I wonder this question is being asked over many generations in medical schools , yet to be answered clearly. The traditional explanation given is ” mitral valve is kept open wide till onset of systole and it closes with a bang due to a long excursion it has to make ” This concept is no longer tenable and acceptable ( For the simple reason if the valve is wide open . . . hemodynamically significant mitral stenosis cease to exist !)
There are two major factors that determine the loudness of S1 in mitral stenosis
- Valve structure and morphology
Mitral valve closes whenever the ventricular pressure curve crosses above the LA mean pressure . This is the pressure crossover point (LV/LA) .
In normal persons it happens very early after the onset of ventricular contraction .(ie the LV pressure has to raise only to about 8-12mmhg . At this point the LV pressure curve has certain force of contraction (Dp/Dt) .Since in mitral stenosis the mean pressure is raised well above normal (Often 20-30mmhg) the LV pressure cross over point is slightly delayed and more importantly occur at a higher slope of LV pressure curve . Even this slight delay adds a punch in the ventricular contractility .The impact of LV contractility on mitral valve closure especially the AML is forceful .
(Imagine the force of impact of a stone hitting you from a distance of 1 meter from above , is different from a stone hitting you from 10 meter above as it gains the momentum )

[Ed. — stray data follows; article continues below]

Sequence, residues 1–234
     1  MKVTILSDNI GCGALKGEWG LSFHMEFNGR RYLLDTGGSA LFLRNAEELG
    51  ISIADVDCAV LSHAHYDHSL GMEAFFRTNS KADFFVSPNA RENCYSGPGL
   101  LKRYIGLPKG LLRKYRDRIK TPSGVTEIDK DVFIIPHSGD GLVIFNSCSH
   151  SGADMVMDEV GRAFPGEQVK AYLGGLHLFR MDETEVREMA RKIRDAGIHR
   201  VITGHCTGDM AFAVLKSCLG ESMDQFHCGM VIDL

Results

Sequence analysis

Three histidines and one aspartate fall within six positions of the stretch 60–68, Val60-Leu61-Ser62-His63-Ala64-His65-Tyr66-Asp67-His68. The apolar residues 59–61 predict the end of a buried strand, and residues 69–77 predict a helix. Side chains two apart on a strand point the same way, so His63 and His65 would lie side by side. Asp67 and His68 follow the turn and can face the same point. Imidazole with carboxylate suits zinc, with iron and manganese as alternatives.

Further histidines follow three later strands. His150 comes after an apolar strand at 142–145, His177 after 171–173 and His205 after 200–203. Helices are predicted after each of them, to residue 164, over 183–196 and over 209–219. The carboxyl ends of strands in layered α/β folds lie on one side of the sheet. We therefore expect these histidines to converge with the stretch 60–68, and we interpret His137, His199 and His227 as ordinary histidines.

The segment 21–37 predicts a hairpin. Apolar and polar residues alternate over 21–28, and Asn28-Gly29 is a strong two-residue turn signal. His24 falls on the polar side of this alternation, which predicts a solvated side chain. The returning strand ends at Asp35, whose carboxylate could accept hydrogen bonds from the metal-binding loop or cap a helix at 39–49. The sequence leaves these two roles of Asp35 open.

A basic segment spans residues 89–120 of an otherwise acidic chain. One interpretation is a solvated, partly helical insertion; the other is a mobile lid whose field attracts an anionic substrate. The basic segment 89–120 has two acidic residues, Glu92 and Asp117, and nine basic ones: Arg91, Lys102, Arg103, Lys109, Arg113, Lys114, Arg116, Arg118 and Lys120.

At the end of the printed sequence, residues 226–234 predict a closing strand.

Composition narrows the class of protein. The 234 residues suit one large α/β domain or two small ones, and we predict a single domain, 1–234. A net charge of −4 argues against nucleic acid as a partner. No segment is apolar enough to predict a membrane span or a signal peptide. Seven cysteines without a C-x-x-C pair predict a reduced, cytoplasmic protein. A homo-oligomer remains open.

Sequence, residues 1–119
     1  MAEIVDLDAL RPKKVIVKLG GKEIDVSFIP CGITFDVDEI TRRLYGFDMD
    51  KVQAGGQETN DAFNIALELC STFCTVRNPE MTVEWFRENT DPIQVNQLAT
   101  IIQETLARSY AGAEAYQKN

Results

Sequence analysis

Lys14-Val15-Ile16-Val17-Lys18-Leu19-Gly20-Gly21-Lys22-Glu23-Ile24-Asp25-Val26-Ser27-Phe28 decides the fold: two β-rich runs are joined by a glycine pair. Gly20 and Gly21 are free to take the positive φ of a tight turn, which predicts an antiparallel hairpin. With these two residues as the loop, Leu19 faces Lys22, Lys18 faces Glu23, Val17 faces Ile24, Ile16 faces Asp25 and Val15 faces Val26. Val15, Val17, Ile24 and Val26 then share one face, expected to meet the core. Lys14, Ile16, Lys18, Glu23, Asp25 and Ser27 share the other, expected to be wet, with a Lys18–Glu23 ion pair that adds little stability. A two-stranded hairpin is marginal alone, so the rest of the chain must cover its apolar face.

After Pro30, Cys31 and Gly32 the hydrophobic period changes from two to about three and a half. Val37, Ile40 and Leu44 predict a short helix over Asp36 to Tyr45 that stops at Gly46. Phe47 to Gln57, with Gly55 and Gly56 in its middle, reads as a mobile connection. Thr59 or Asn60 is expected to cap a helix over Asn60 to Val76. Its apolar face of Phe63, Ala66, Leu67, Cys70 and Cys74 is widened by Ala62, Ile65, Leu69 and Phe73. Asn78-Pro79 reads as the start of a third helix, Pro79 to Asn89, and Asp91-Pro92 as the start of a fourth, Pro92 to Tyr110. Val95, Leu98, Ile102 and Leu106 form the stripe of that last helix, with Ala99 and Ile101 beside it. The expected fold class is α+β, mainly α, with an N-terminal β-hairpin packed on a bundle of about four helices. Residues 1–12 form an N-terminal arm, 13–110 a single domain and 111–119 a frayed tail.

The second phenomenon is probably more important as it involves acoustics the final step in the genesis of loud S1 .
The mitral valve need to be not only pliable but also the conduction properties should be intact.
Acoustic principles state that even a speck of calcium in the AML can dampen the sound that is generated by leaflet motion.
(Try touching a speaker cone while it is playing .The sound immediately drops and dampens.)
Similarly for S1 to be loud the valve should pliable without any significant calcification or extreme rigidity or subvalvular fusion .)
It is important to realize the PML contributes less to the intensity of S1 . Hence even if some calcium present in PML it won’t affect the intensity of S1
Other important factors that affect the intensity of S1 include
- LV function ( Onset of LV dysfunction elevates LVEDP reduces the net gradient across mitral valve )
- Presence of mitral regurgitation .
- Aortic valve disease (Especially AR )
- Heart rate
- Rarely associated Tricuspid stenosis make T 1 component of S 1 louder
The loud S 1 is due to both physiological and anatomical factors of mitral valve .The condition of valve may be more important for the simple reason , whatever be the hemodynamic predispoistion for loud S1 , the prevailing valve morphology has a potential to nullify it !
The image modified from http://www.texasheart.org